Whilst I would never consider myself a violent man, I find weapons fascinating. Whether they are a work of fiction or non-fiction, I see them as curious inventions that say a great deal about our species. Our History is full of strange and striking creations of war. It’s when Fantasy and Reality collide that things get really interesting
I swear on my honour that I can be a sensible gamer. I do know how to play games properly. It’s just that, now and then, I am compelled to ignore the path the game has laid out for me. It’s why people think I’m so cool and rebellious. [Turns imaginary cap backwards]
Spore and The Elder Scrolls IV: Oblivion are significantly different games. One is a game a God Game where the player controls the ‘evolution’ of a species from primordial soup-dweller to galactic dominator; the other is an action role playing game set in a mythical-medieval world. Yet there is one very clear similarity between these games where I am considered: the way I misbehaved when playing them.
This is the third week of me admitting my misbehaviour. In Dishonored, I was way more violent than the game suggested I should be. In Lara Croft and the Guardian of Light, I lost all sense of respectability. As for Spore and Oblivion, I actually started playing both games as intended. I put lots of hours into each game, following the rules for the most part. However, despite several play-throughs of both games, I have never finished either of them. I would deliberately quit both games at a certain point, and go back to the start.Continue reading “Gaming and Misbehaving: Spore and The Elder Scrolls IV: Oblivion”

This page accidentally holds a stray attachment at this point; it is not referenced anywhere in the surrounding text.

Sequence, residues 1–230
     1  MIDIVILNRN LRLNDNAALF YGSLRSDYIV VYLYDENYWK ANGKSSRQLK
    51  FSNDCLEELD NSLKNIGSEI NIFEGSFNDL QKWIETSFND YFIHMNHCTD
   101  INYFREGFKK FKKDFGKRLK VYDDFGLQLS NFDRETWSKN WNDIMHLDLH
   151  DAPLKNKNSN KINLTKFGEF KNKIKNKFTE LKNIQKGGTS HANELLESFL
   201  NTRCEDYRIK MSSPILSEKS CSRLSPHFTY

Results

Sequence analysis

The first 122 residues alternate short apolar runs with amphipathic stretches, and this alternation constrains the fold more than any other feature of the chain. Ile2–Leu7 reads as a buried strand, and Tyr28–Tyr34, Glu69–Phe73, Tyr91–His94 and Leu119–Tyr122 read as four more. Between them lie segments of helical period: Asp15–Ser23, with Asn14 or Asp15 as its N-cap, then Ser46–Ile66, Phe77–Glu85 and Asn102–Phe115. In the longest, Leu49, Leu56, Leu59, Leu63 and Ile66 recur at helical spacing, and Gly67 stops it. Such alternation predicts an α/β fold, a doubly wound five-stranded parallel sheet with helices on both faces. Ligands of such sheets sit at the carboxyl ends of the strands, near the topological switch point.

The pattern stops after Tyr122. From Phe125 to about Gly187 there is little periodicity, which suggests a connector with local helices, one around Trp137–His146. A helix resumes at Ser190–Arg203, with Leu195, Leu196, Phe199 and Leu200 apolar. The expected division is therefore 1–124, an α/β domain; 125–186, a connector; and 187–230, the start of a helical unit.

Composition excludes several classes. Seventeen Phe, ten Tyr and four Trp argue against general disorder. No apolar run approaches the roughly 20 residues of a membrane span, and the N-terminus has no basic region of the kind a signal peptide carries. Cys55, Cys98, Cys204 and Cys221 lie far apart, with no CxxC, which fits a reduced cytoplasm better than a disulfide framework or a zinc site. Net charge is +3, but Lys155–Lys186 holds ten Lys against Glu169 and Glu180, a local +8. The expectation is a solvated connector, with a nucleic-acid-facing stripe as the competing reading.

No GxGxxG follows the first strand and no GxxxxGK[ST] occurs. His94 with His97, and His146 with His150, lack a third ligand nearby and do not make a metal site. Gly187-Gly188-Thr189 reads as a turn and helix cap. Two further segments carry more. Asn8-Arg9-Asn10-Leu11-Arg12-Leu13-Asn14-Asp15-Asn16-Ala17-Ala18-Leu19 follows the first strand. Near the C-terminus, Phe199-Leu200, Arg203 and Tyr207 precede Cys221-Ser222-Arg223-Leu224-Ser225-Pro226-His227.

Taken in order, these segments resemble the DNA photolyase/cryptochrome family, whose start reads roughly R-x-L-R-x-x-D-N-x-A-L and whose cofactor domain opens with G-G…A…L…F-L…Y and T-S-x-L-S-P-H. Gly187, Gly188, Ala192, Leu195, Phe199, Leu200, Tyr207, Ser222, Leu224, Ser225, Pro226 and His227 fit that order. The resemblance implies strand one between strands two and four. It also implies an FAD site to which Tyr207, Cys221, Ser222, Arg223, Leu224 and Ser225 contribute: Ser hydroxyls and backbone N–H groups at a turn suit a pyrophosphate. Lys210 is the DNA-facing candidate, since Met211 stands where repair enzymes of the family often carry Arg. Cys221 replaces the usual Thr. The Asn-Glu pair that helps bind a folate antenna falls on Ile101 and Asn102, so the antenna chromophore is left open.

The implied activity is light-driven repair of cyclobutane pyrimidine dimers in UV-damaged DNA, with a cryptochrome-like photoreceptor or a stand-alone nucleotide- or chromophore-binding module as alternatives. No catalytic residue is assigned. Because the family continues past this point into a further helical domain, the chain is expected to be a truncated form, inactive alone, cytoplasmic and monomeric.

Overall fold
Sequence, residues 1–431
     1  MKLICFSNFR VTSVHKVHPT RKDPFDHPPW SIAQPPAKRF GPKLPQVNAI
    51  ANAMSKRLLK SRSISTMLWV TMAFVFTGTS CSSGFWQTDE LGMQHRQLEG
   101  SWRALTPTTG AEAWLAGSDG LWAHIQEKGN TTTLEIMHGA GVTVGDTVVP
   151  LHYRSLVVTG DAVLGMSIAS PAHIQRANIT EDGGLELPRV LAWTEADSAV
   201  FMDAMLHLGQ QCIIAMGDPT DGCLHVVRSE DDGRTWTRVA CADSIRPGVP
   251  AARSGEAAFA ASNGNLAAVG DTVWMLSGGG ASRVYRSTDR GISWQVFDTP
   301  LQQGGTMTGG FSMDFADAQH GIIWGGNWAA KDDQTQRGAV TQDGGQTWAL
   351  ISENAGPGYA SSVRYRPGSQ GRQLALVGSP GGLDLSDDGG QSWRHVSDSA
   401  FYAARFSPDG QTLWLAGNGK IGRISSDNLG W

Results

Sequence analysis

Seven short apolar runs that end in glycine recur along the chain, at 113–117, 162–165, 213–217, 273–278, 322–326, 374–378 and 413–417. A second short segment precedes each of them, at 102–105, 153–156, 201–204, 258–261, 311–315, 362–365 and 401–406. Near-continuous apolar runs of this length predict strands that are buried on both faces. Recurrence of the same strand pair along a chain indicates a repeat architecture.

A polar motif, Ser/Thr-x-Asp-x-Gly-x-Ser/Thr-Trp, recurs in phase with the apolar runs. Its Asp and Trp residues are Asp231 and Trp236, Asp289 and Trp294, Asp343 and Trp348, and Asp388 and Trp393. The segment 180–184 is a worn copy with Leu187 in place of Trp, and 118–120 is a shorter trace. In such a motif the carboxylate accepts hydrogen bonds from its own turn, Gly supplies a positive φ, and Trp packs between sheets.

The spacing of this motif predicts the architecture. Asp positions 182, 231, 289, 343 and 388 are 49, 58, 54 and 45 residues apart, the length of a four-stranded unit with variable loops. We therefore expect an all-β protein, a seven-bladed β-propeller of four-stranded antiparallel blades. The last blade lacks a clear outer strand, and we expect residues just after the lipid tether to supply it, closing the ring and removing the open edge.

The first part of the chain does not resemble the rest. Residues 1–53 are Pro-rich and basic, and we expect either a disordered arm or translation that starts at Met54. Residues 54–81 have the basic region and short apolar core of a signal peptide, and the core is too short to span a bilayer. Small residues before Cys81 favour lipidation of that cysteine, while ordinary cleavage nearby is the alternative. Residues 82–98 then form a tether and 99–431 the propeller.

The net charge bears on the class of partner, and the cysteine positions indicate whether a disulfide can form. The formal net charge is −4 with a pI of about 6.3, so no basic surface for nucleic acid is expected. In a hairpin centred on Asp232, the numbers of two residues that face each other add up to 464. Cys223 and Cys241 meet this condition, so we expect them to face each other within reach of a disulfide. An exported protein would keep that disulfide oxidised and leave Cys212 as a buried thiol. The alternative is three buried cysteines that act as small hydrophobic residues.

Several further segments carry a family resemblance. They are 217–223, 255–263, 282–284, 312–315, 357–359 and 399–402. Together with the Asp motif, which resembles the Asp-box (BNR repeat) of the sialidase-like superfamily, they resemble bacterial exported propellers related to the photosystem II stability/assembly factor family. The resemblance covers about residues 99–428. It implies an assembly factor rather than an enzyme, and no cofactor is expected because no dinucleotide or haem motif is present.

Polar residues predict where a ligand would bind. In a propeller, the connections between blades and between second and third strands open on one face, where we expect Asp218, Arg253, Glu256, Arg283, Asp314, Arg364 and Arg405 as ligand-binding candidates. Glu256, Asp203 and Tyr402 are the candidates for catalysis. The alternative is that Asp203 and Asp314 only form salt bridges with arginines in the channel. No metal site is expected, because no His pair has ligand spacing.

There’s going to be another Uncharted game?! Quick, hide all the precious historic artefacts! Raise airport security! Alert the United Nations to the threat! Make sure… What? No, I don’t think I’m overreacting.
The recent announcement of Uncharted 4: A Thief’s End has by now generated a tonne of excitement. I’m sure that it will make for a fine addition to the franchise. However, our collective excitement for another instalment should be put on hold. We need to talk about Nathan Drake’s bad habits, and whether or not we can afford to let him run around on another adventure. Continue reading “How do we stop Nathan Drake?”
Some of the greatest games only get one play through. Whether the adventure lasts for ten hours or one hundred, or occupies your gaming time for several months, there will come a point where the most entertaining game fulfils its purpose. The story is complete; all achievements are unlocked; each puzzle solved; every enemy slain. No matter how great, most games fail sooner or later.
But not every game. Amongst the shelves of past games or buried in a hard drive is that game you can always return to. Regardless of how long it’s been since your last visit, that game will always deliver. When it seems like you’ve played every game in your collection, a little voice reminds you that you could always play that game again, and you can’t think of any objections. I would very much like to talk about that game today.
The stage is set. Mario’s desire for a male child is an ever-growing concern. His first wife, Pauline, has failed to produce the heir he craves. Age and stress have taken a toll on her body. Mario wants a new, younger wife that will secure his succession, and the vibrant Princess Peach has presented herself as an appealing alternative. A major barrier stands between Mario and his new wife: Bowser refuses to allow Mario and Peach to marry. How will Mario solve his Great Matter?
Last week I introduced a revision lesson that I use with Sixth Form students studying the reign of Henry VIII. The lesson uses the Mario games as an analogy for Henry VIII and the impact his actions had on the English Church. It’s a great lesson for everyone involved and the students recall a huge amount of information through the activity.